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Grade Level: 5th and 6th grade
Subject: Family And Consumer Science
Estimated Time of Completion: 1-2 Days

This activity was designed to address the following educational national content standards:

Curriculum Standards for Social Studies
Prepared by: National Council for Social Studies
Cultures: Compare similarities and differences in the ways groups, societies and cultures meet human needs.

National Standards for Family and Consumer Science
Prepared by: National Association of State Administrators for Family and Consumer Sciences
Demonstrate nutrition and wellness practices that enhance individual and family wellbeing.

Foreign Language Standards
Prepared by: American Council on Teaching Foreign Language and American Association of Teachers of Spanish and Portuguese (AATSP)
Connect with other disciplines and acquire information. Acquire information and recognize the distinctive viewpoints that are only available through the language and its culture.


The students will be able to…


1. The PBS VIDEO: Food for the Ancestors

If you can’t show the entire video use these segments:
A. Show the first 9 minutes up to the verbal cue, "The Dance of the Volodores".
B. Restart 26 minutes into the program with the verbal cue, "When the Spanish conquered…."

2. The Web site: http://www.pbs.org/foodancestors

Web site pages:

3. USDA Food Pyramid chart

USDA’s Food and Nutrition Information Center; Food Pyramid http://www.nal.usda.gov/fnic/

4. A Blank pattern of the food pyramid.

Illinois Nutrition Education Training Program http://kidseatwell.org

5. Mexican foods list (See Appendix)

6. Magazines for pictures and colored pens/pencils etc.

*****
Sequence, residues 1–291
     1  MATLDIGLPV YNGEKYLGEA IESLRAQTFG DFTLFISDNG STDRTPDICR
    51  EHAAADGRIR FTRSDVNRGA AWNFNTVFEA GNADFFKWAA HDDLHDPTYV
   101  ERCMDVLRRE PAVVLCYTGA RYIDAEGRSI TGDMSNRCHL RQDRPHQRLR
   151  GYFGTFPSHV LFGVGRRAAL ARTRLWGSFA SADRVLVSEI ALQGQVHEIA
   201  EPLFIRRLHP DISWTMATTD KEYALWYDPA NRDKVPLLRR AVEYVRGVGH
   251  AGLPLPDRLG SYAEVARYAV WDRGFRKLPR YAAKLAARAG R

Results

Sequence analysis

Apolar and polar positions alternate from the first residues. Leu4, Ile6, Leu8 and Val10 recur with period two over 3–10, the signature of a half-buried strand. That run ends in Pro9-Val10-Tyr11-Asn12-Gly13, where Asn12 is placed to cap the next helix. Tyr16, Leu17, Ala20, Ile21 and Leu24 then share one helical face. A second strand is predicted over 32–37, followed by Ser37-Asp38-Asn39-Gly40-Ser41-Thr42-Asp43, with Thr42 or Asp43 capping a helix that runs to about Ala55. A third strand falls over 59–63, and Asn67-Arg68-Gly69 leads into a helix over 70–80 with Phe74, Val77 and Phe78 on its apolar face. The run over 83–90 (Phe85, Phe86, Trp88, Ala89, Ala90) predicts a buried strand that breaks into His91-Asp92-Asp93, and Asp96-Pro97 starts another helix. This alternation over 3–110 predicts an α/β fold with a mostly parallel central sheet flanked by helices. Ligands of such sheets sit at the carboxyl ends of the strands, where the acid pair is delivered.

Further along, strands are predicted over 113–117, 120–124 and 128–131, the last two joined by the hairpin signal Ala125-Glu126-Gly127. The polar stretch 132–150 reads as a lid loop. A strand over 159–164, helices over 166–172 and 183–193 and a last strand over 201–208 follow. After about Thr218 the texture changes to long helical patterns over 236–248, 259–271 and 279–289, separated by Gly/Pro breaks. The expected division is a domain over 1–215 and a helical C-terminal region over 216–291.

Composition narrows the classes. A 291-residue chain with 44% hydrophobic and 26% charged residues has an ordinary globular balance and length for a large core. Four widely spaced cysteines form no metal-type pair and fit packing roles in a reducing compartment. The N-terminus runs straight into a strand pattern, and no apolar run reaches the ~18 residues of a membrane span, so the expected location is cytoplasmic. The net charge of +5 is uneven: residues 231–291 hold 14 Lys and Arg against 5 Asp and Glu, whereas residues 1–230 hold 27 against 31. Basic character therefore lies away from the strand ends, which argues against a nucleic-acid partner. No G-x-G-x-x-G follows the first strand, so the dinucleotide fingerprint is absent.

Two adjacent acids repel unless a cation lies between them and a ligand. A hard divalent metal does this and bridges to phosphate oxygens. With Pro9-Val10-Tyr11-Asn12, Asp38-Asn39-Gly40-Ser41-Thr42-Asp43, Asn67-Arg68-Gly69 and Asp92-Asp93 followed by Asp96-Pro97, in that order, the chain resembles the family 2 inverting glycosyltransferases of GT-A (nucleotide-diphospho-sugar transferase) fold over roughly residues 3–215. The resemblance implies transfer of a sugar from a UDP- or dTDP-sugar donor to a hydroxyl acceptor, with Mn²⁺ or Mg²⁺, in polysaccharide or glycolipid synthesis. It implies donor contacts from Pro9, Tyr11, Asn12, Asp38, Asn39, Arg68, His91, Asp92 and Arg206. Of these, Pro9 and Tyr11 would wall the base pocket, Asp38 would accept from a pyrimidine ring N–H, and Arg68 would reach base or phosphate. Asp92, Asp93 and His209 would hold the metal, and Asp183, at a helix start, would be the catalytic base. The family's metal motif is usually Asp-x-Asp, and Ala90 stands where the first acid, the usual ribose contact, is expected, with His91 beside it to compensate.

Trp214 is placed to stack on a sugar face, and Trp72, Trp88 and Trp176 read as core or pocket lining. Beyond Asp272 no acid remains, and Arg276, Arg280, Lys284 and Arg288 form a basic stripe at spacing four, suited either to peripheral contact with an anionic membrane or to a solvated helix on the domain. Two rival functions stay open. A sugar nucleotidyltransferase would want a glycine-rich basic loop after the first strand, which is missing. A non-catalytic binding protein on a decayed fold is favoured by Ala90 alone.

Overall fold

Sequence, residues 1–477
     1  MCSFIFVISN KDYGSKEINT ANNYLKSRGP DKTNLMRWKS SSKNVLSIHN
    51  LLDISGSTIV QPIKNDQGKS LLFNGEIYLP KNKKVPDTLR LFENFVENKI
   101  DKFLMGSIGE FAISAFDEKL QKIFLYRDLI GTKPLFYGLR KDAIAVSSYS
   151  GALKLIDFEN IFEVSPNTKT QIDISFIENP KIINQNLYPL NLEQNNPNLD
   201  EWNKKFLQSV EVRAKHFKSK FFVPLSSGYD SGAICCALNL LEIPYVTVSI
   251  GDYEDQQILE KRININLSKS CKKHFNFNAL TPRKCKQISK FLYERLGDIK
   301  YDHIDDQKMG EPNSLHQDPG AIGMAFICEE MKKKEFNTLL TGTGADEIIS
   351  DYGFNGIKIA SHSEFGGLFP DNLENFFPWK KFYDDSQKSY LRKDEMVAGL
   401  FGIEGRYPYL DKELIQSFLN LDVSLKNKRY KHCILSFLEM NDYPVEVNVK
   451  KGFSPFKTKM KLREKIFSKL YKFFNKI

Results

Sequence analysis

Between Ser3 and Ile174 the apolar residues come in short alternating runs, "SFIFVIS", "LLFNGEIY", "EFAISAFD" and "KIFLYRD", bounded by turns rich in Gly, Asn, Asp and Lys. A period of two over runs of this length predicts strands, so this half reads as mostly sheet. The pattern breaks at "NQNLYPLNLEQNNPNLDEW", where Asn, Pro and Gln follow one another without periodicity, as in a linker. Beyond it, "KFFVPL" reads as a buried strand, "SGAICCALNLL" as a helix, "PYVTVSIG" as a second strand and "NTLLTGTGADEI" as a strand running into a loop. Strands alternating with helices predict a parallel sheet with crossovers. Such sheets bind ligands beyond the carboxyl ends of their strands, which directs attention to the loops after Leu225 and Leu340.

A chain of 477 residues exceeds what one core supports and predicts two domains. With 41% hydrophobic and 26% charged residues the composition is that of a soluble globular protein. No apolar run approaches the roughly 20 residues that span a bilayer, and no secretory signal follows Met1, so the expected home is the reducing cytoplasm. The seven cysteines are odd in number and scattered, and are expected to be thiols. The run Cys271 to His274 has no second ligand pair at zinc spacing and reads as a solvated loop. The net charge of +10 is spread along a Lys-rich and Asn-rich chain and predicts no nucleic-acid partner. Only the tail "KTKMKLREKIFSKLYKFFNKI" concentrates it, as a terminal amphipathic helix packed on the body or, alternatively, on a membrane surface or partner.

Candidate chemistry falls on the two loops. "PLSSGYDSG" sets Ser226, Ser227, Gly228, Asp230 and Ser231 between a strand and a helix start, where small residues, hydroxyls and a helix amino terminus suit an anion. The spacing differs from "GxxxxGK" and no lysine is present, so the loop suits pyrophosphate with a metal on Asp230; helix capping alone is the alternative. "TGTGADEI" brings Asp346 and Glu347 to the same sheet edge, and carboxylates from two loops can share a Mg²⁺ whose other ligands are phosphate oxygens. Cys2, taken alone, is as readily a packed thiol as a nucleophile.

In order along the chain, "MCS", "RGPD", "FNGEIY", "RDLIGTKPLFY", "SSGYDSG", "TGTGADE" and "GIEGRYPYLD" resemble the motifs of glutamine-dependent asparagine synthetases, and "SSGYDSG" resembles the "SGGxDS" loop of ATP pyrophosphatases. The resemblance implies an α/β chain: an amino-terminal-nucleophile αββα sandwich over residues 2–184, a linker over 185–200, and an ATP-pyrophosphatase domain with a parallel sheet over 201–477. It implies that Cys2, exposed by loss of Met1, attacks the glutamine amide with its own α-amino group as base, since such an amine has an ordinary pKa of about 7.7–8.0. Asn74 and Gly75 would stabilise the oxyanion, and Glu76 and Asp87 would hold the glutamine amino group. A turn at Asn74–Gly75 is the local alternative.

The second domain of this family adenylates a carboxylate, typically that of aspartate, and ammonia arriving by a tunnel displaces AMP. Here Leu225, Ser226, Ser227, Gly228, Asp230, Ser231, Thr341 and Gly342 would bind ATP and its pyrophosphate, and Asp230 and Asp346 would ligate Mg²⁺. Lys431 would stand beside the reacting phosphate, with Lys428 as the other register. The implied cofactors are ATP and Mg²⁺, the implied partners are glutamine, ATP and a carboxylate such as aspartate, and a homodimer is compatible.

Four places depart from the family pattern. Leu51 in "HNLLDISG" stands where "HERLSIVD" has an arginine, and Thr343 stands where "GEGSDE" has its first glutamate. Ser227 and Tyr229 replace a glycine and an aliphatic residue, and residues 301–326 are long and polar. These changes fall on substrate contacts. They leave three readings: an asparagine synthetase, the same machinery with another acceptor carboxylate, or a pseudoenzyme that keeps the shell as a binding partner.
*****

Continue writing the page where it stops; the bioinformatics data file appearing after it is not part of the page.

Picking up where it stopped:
Every year the people of Mexico celebrate El Dia de los Muertos (Day of the Dead). The holiday begins the evening of October 31 and continues throughout the day of November 2. It is a time when Mexican families remember the dead by mixing ancient beliefs and ritual of the early peoples of Mexico with the customs introduced by the Spanish Christians.

Much preparation leads up to the holiday, which is actually a pleasant commemoration, rather than a solemn occasion, as one might think. It is a very social event, which begins by cleaning the gravesite and decorating with flowers and well as preparing special foods such as pan de muertos (bread of the dead), for their departed. Family members gather at the cemetery to picnic and remember the dead by telling stories about them.

Altars called ofrendas are constructed at the ancestors’ home on which are placed the favorite foods, flowers and personal items of the departed relative to honor them. These may include sugar skulls and toy skeletons.


Before viewing the video-
Ask the students about their grandparents/ancestors.

Ask the students about the special foods their family.

During the video-

A. Show the first 9 minutes up to the verbal cue, "The Dance of the Volodores".
B. Restart 26 minutes into the program with the verbal cue, "When the Spanish conquered…."